Parenting for the GENIUS is for parents who would rather spend time with their families than read this book. It offers a no-nonsense approach to parenting that presents values you can proudly parent and live by in an accessible and enjoyable way. Parenting for the GENIUS is a guide for parents of children of all ages. It’s a how-to book that supports parents in creating clear and realistic strategies based on reflective practice.
As a resource, Parenting for the GENIUS is full of usable strategies for a host of situations that are discussed with honesty, complexity, and care—in the comforting style of discussing difficult problems with a good friend. Amy Alamar delivers her wisdom and expertise through insightful, familiar, and charming examples. The anecdotes and practical advice come together to illustrate the importance of reflecting on your parenting practice to inform your future decisions.
Parenting for the Genius is a comprehensive source for parents that discusses:
Additionally, Parenting for the GENIUS provides day-to-day practical advice in areas such as:
“Amy Alamar dispenses parenting advice with humor, compassion, and wisdom. This is a confidence-boosting book for parents and one that will be useful from cradle to college.”
– Daniel H. Pink, Author of Drive and To Sell Is Human
“The brilliance of this book is how it blends real-to-life vignettes with practical advice, allowing parents to reflect on what is best for their children. Parents will develop strategies to develop the character, values, and resilience in their children that will prepare them to thrive now and far into the future.”
– Kenneth R Ginsburg, MD, MS Ed, Author of Building Resilience in Children and Teens: Giving Kids Roots and Wings
“Like a good parent, Amy doesn’t adopt a judgmental or scolding tone. She approaches her reader like the good, experienced friend every parent needs. Her practical, realistic advice acknowledges the realities of balancing work, personal health, and relationships. I thought I’d heard every bit of parenting advice, yet this book kept surprising me.”
– Peter Hartlaub, Father, Parenting Blogger (The Poop), and Journalist (San Francisco Chronicle)
Where Can I Get It?
Make no mistake, you’ll be making many mistakes. Sometimes there are no right answers, but often there are plenty of wrong ones. If you take nothing else from this book, know that mistakes (while they can present challenging situations) are extremely valuable and that you can view each one as a teachable moment.
I can’t stand it when parents say things like, “I’m such a bad mom,” or “I know, I’m the worst father in the world!” You will say the wrong thing. You will react too strongly, or not strongly enough. You will lack consistency. Tell yourself this is okay as long as you learn from it and make a better (but still maybe not the best) choice next time. It is very hard to move forward and enjoy the great moments of parenting when you feel stuck in the bad ones. Nobody’s perfect, so why should you be any different? But you can be a terrific parent—as long as you make productive mistakes. Stop worrying about being the best or worst parent, and just focus on being the best parent you can be. Have good intentions, reflect on your practice, and forge ahead with knowledge.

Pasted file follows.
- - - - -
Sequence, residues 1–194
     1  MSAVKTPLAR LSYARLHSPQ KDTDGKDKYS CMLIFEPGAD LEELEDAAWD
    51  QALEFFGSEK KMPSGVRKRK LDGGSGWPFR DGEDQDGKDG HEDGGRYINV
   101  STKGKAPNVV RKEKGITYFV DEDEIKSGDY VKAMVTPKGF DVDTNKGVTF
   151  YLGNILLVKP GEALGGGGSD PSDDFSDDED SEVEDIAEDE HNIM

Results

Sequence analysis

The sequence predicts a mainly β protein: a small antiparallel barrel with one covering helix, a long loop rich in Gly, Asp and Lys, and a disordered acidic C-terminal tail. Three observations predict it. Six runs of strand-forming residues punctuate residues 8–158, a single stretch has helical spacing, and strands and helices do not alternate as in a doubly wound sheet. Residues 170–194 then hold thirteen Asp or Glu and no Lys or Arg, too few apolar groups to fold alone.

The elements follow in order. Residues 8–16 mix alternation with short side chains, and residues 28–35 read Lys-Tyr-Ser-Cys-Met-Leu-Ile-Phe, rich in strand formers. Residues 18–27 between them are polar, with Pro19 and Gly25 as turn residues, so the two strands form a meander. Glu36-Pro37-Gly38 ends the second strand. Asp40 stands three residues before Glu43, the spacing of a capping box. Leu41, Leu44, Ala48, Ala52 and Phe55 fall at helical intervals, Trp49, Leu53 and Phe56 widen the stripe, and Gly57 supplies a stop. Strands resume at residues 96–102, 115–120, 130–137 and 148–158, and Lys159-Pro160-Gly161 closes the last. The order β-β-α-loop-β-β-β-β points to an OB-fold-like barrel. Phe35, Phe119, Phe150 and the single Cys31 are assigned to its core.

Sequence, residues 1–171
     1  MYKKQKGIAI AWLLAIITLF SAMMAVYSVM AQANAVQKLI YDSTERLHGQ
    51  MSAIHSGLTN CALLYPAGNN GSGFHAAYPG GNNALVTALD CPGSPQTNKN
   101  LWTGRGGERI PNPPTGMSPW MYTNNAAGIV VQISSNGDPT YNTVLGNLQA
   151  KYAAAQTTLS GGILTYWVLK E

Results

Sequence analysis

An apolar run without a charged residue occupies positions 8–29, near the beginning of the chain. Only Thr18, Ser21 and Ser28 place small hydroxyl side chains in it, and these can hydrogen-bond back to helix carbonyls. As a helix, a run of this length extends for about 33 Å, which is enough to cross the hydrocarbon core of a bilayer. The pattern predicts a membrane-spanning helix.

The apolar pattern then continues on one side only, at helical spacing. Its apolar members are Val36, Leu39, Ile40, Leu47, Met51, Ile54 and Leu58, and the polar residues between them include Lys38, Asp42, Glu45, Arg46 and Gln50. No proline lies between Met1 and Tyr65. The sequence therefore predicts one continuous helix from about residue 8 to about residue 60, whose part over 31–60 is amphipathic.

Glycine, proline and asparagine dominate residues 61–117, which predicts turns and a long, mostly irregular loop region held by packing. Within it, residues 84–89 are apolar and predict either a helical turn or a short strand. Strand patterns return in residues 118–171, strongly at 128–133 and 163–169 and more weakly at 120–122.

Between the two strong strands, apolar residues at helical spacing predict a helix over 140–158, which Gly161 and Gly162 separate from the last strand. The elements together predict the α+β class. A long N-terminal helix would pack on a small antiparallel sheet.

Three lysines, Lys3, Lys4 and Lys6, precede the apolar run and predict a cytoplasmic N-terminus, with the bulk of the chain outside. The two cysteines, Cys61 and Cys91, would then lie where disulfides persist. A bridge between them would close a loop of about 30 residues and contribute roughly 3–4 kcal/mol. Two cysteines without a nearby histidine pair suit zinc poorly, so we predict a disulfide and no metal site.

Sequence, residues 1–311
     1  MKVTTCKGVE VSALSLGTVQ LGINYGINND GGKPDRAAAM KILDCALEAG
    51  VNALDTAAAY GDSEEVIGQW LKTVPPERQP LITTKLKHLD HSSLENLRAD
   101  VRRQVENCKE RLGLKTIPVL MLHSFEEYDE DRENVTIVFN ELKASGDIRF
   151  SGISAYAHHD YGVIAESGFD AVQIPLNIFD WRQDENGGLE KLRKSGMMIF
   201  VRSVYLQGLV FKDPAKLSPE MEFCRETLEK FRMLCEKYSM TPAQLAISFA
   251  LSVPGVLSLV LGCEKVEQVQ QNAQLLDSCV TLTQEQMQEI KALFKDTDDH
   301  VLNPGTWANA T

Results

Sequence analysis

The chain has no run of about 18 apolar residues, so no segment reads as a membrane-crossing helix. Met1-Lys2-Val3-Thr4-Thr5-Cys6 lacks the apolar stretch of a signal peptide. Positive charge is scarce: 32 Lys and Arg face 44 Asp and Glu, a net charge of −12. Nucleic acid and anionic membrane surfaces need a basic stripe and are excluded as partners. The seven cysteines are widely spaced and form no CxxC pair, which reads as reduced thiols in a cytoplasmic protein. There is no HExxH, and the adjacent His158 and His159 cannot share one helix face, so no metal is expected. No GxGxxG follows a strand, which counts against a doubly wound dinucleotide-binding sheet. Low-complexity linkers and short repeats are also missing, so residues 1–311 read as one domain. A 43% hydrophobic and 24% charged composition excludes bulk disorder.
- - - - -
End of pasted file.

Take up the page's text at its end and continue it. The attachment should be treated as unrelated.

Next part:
I recall my mother’s advice when I returned home from a show with my son. I had made a special day for him: dinner out, a live show. On the way home, he wanted to go for a treat. I said it was time for bed, and he pouted and whined—and that is a nice way of putting it. Well, I lost it. Really? How could he be so ungrateful? Why wasn’t he thanking me for such a special day? As I went to bed, I was frustrated that I had spent so much time making it such a special day only to find it was all ruined. I was near tears with anger as my mother pointed out to me that just because we had a bad drive home didn’t mean the whole day was ruined. It was a great day with one bad moment.
At some point, you have to let these things go. It’s okay to be upset, of course, but you have to move forward and know that one imperfect experience doesn’t make the whole day a failure. More importantly, it doesn’t make you a bad parent—just a good parent who had a perfectly normal imperfect moment with your child.
Who is Amy?
Amy Alamar, EdD, is the director of school partnerships at Girard Education Foundation, where she works with K–12 schools on integrating Activate Instruction, an interactive, online curriculum tool. In this role, she gathers and disseminates best practices and works with teachers, administrators, parents, and students to implement this tool. Previously, she served as the schools program director for Challenge Success at Stanford University. In her role there, she oversaw all the programming for member schools and conducted professional development for middle and high school faculty and parent education presentations. Amy has been working and researching in the field of education as a teacher, teacher educator, researcher, and reformer for over fifteen years, with a focus on underresourced students, literacy, curriculum design, and constructivist education. She has also done additional research in the areas of utilization of multimedia in education and student stress. In her role as an educator, Amy has been in classrooms ranging from elementary all the way through higher education. In her role as a frequent speaker for parent and faculty groups, Amy has facilitated parent education sessions focused on student stress and wellbeing as well as faculty development workshops focused on engagement with learning, professional communication, and curriculum design. Amy is the mother of three of her very own research subjects whom she learns from and enjoys each and every day.
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